The entire section of the conversation about how YouTube recommends increasingly extreme content because it profiles conspiracy theorists and people with extreme views as “ideal viewers” b/c they tend to use the platform more (again, maximizing time on device) is so stomach-churning. I see this happening all of the time, and the more one knows about how these systems work, the more one can identify it everywhere. (Human brains are way too good at patterns, am I right? 😂)

Ultimately, none of these episodes (and ultimately almost none of the other negative press about machine learning, AI, and algorithms) is saying Twitter, YouTube, Facebook, &c. are bad. These platforms can do a lot of good things. The question is more about what we should be doing to impose regulation and ethical norms to ensure that the algorithms lead us towards the good, not to division.

If I wanted to relate it to things people follow this blog for, it’s like what I’m reading about in Iamblichus, Proclus, Hermias, &c. about division/generation into Matter and its converse — reverting back to the One via a process of purification, cultivating virtue, and the like. Just under two years ago now, I wrote on social media, Zagreus, and the mirror; I would be harsher about social media now, I think, especially with the metaphorical space that is now available to me because I’ve read deeper into the Platonists. Algorithms want to divide us into market segments and keep us on-device. In a Platonic sense, too, the world we live in is a place of division; instead of being kept on-device, we’re being kept in-body, and the system is designed to bind us to that device even tighter. Furthermore, the things we create (like algorithms) — at least those that do not have images that descend down from the divine — are like images of images, faint shadows of reality.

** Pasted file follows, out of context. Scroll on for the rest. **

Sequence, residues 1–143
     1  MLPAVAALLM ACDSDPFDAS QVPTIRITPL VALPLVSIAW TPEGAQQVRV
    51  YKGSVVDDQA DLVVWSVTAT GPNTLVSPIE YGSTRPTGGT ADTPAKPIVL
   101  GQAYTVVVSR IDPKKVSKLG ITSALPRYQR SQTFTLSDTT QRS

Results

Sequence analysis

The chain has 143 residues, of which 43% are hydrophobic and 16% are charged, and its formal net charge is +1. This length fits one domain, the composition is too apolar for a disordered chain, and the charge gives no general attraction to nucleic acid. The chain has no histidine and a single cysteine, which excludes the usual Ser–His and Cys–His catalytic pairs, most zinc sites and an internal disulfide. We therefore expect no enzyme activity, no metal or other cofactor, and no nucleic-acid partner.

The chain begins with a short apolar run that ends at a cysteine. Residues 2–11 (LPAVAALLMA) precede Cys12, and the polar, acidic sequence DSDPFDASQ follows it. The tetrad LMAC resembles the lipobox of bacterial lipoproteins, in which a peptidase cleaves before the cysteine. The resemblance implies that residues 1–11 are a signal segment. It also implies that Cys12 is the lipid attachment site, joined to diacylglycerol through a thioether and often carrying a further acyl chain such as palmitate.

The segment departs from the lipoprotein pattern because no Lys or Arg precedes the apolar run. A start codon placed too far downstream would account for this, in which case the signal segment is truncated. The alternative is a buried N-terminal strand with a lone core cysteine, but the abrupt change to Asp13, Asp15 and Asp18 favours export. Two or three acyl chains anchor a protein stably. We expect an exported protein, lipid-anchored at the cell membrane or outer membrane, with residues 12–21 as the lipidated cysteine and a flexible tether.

So many things in this world that can either further division or its converse; we owe it to ourselves to establish the ethical and moral guardrails in our tech to make sure they lead to better places, not worse.

Ultimately, this: we all have vulnerabilities within ourselves.

They are the things that people told us and did to us when we were younger, the negative self-talk we give ourselves under stress, and even the cultural bruises we acquire when we feel out-of-place and unheard.

What divisiveness does, and what division cultivates, is a slow peeling open of these places to make them hurt more. And then, in the process of those algorithms that move one towards an extreme perspective, the thing that is harmful feels like a panacea, but it is not the balm that one needs.

This can happen directly, as when someone goes into a specific web culture and relies on recommendations for all le knows, but it also happens indirectly. A cultural zeitgeist experienced in person can indeed just be a bunch of people being pulled apart by this divisiveness all in the same way — they find one another and then draw the line between themselves and the rest of the world. Ultimately, they often end up hurting the people they’ve identified as an outgroup enemy or set of enemies.

This is quite complicated and disturbing. People love community, and they thrive in it, but the type of community-building that comes about in a positive environment has a wholly different character. It does NOT rely on opening those wounds; it heals directly and makes one better. Division-formed communities are a lie.

Since I was a child, I’ve seen the power of such lies — they can be very expedient. Instead of having to find something in common among people who are radically different, one just creates the aforementioned common enemy and goes after lim (or them).

It takes a lot of emotional and social labor for positive community to develop. These algorithms are incredibly surgical in how they work because without even thinking, they have “learned” that the way of division is expedient. Because I’m suspicious, and because I was bullied growing up, I am literally always asking myself if the people I’m around are people I feel affinity with for positive reasons or if it is an illusion caused by us having a mutual antagonist.

Working against these dynamics — especially when our modern Internet tools operate this way by default — is an enormous struggle. The parallel processes of division and reunion that I mentioned above in the Platonists create a smooth analogy here.

In a digital sense, working against this means going out of one’s way to see myriad “rivers” of division and opinion (after Platonism, I cannot see rivers in the same way I once did ever again) and how they connect back farther up the current. It means contextualizing against a larger picture that is noisy and that requires holding multiple conflicting things in one’s head at once.